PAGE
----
mercredi 21 novembre 2012

History of Body Building


Athletes in 11th Century India used to lift carved stone dumbbell weights. These were called “Nals.” Oddly enough, they were very

much like modern day fitness equipment.  It is purported that gymnasiums were

existent in the same time period and by the 16th Century it is said that body building was one of India‛s favourite pastimes.

Body building was a mainstay of the athletic subculture of the ancient Greek and later Roman empires.
North Americans were first introduced to body building through the “strongman” at
travelling circus sideshows and carnivals in the middle of the 19th Century. The first modern Olympics was held in 1896 where there were two weightlifting events.

A German named Eugene Sandow is credited with inventing many of the contemporary body building techniques used even today. He began his performance with feats of
strength even adapting various “poses” that demonstrated his musculature much as modern day body builders do.

Sandow travelled to London in 1899 and opened his first “Physical Culture Studio.” A good businessman, he sold products by mail and published his own magazine. He ultimately created a “chain” of 20 studios throughout England.

Sandow is also credited with the first body building competition.  Called the “Great

Competition,” it was held on September 14, 1901. Held at the Royal Albert Hall, it was a complete sell out attracting hundreds of spectators and causing an immense traffic jam. Sir Arthur Conan Doyle was one of the 3 judges.

While Sandow was busily creating his studios in England, another legend was gestating in North America.

Born in the Ozarks in 1868, Bernarr Macfadden was frail and sickly as a child. He learned as a teenager, that he could build health and strength by working outdoors.
By age 25 he was selling exercise equipment and went on to become an icon in the publishing industry building an empire based on health, fitness, nutrition and exercise publications.
Branded as eccentric, flamboyant and a “kook,” he remained fit and active up until his death in 1955. Unfortunately, his own belief in “self treatment” served to be his
undoing waiting too long for treatment of a bladder problem. Many of his principles are still practiced today and his works appear to be making a “comeback.”

Basics of Building Muscle


There are as many varied opinions on what “plan” one should follow to build muscle as there are people who have those opinions. On one thing they do agree, however. You must have a regimen.

You can begin by defining your objective. Why are you interested in body building? What do you hope to accomplish? What is your ultimate goal?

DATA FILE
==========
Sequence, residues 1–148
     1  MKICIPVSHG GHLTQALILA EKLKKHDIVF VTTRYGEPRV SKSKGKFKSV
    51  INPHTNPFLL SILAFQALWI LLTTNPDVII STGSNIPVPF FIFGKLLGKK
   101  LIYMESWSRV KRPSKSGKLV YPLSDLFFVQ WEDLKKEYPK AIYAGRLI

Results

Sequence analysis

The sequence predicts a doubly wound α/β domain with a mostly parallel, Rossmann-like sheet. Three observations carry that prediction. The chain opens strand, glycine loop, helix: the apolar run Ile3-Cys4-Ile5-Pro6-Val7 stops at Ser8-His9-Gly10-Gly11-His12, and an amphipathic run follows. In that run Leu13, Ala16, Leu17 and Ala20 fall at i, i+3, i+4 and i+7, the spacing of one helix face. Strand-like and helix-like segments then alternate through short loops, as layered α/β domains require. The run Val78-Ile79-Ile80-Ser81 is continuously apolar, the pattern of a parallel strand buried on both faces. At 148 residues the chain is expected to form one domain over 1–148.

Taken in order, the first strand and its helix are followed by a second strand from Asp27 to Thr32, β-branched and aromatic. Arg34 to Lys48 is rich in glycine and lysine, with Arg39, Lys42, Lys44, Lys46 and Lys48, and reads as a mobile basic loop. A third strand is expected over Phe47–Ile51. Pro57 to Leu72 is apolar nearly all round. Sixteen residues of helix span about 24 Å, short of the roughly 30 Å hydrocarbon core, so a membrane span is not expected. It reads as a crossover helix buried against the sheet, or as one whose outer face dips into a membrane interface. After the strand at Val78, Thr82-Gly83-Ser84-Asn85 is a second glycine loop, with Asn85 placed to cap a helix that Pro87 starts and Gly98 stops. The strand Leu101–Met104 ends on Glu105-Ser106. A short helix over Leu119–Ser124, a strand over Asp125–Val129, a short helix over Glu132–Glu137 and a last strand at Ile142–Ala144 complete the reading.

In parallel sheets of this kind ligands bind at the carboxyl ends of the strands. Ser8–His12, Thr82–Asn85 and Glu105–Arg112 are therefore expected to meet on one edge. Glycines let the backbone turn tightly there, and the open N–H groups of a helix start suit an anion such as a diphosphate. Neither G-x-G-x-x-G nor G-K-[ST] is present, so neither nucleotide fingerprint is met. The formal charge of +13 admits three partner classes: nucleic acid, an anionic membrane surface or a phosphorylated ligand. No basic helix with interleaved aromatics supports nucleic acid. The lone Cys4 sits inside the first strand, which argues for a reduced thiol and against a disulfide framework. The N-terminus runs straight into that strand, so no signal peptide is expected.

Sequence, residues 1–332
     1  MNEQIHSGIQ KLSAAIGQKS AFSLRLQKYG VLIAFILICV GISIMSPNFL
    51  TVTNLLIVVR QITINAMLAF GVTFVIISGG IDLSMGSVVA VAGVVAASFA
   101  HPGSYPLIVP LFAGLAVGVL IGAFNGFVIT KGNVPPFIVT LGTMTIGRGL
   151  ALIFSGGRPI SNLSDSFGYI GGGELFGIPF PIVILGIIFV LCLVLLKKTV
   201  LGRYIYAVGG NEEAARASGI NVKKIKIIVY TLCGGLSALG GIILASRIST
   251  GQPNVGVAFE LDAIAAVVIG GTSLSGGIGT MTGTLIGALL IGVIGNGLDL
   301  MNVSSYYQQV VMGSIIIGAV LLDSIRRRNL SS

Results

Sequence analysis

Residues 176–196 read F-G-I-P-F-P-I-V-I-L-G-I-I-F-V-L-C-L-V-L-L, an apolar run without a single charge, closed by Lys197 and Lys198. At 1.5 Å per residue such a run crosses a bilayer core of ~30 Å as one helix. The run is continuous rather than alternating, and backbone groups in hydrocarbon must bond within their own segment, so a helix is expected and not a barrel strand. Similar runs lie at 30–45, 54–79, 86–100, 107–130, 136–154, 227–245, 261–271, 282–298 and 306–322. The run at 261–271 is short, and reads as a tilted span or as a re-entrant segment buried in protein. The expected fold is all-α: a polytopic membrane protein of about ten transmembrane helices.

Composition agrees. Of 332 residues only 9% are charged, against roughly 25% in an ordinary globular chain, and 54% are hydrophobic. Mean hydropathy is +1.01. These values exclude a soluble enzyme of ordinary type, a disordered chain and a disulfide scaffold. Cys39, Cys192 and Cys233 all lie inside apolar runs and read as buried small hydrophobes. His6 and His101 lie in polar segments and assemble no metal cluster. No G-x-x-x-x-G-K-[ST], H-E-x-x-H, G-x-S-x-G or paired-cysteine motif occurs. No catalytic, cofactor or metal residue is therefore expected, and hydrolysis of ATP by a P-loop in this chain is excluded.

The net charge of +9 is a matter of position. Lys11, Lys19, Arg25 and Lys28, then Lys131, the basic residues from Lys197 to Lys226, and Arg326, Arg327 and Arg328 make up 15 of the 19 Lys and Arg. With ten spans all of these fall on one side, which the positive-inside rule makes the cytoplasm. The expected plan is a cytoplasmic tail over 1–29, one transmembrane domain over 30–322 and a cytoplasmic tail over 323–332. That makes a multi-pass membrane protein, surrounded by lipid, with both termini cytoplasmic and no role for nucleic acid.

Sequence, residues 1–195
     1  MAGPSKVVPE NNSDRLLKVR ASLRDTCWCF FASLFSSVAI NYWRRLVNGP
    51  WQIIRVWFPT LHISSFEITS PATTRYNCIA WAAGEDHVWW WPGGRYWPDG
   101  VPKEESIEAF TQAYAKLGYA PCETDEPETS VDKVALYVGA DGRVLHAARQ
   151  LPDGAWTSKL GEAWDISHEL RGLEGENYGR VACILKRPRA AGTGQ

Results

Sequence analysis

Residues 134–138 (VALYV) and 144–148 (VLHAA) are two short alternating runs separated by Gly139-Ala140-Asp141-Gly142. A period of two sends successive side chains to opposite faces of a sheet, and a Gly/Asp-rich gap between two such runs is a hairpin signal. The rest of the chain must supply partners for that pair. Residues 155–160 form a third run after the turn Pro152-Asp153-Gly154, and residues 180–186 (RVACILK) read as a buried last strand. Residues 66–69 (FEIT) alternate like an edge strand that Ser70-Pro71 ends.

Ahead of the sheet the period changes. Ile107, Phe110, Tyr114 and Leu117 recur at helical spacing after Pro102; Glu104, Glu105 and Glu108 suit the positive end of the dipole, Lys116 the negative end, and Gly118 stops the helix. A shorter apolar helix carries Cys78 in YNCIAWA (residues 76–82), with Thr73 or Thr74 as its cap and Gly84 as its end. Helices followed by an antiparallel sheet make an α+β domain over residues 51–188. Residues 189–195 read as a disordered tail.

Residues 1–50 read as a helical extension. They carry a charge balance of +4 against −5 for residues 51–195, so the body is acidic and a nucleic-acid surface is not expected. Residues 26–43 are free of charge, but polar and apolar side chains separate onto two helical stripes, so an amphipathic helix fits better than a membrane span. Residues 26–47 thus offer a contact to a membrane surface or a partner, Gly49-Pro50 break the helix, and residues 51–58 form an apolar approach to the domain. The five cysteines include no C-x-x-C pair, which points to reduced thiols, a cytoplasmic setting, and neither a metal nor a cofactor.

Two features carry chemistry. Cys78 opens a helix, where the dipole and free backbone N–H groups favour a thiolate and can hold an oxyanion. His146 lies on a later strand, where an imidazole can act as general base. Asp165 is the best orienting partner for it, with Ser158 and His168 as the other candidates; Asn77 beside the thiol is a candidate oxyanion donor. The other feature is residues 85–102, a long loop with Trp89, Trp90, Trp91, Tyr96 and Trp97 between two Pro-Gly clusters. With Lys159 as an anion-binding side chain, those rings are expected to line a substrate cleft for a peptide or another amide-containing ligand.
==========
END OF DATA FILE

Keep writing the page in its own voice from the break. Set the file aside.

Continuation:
If this sounds like “Goal Setting 101,” guess what? It is! You need to clearly define your “why” before you can move on to “how.”
It‛s all about commitment and belief. There is an abundance of information about how to begin and conduct your journey, but without a burning desire to achieve, you are doomed to inevitable failure.
First things first:

Before you even think about your exercise routine...
Before you begin researching a nutritional program...

Before you shop for supplements...

Ask yourself the following questions:

Do I believe this is possible for me?

Am I willing to focus, commit and do whatever it takes?

If you answered “yes” to these two questions, the seed has been planted and you are

ready to begin.

While the details and sequential recommendations for body building vary there are some basic questions that apply to the process no matter what program you choose to

follow.

How do I build muscle?

How do I strengthen muscle?

Am I healthy enough to begin a muscle building routine?
What should I eat? How often should I eat?
Should I eat at different intervals throughout the day? Is there a specific diet for building muscle?

How many calories should I eat?
Should I take supplements?

In the following chapters we will endeavour to present you with an overview that will assist in preparing you for the launch of your muscle and body building lifestyle. It is indeed a lifestyle and you must be prepared for the rigors of change, not only to your body, but mentally as well.

You should always check with your doctor before beginning any exercise program.

Lifting too much weight (especially for people with high blood pressure) or doing too many repetitions can be extremely harmful.



Body Building Facilities


Where do you begin? Fortunately, there are more choices available today than in any other time in history. The fitness craze has opened many doors of opportunity and alternatives for the average person seeking a healthier lifestyle. This is a serendipity for the serious body builder. The “corner gym” is fast becoming as popular as the “corner pub.”
There was a time when the only “equipment” a serious body builder had were barbells

and benches. Often a trip to the gym meant entering a dark, cave-like atmosphere in a less than desirable area of larger cities. By contrast, the gyms of today are usually bright, cheerful, open facilities boasting the latest in equipment and amenities. You can find them in the most upscale neighborhoods and double as popular meeting and greeting places.

Most offer a variety of membership packages and many will offer a brief trial period allowing you to “test” the facility to determine if it meets your needs.

When you do make a decision to join a fitness facility, there are a number of points

to consider.
Choosing a quality fitness facility or health club requires caution. The following
guidelines can help:

·       Shop around. Ask friends, coworkers, and your physician for recommendations.

·       Call several clubs to find ones that match your interests and budget.

·       Check with the Better Business Bureau for reliability reports on clubs you are considering.

·       Visit the club at the time of day you will use it.

·       Talk to members and staff.

·       Are the hours and location convenient?

·       Does the club have facilities and services that suit your needs?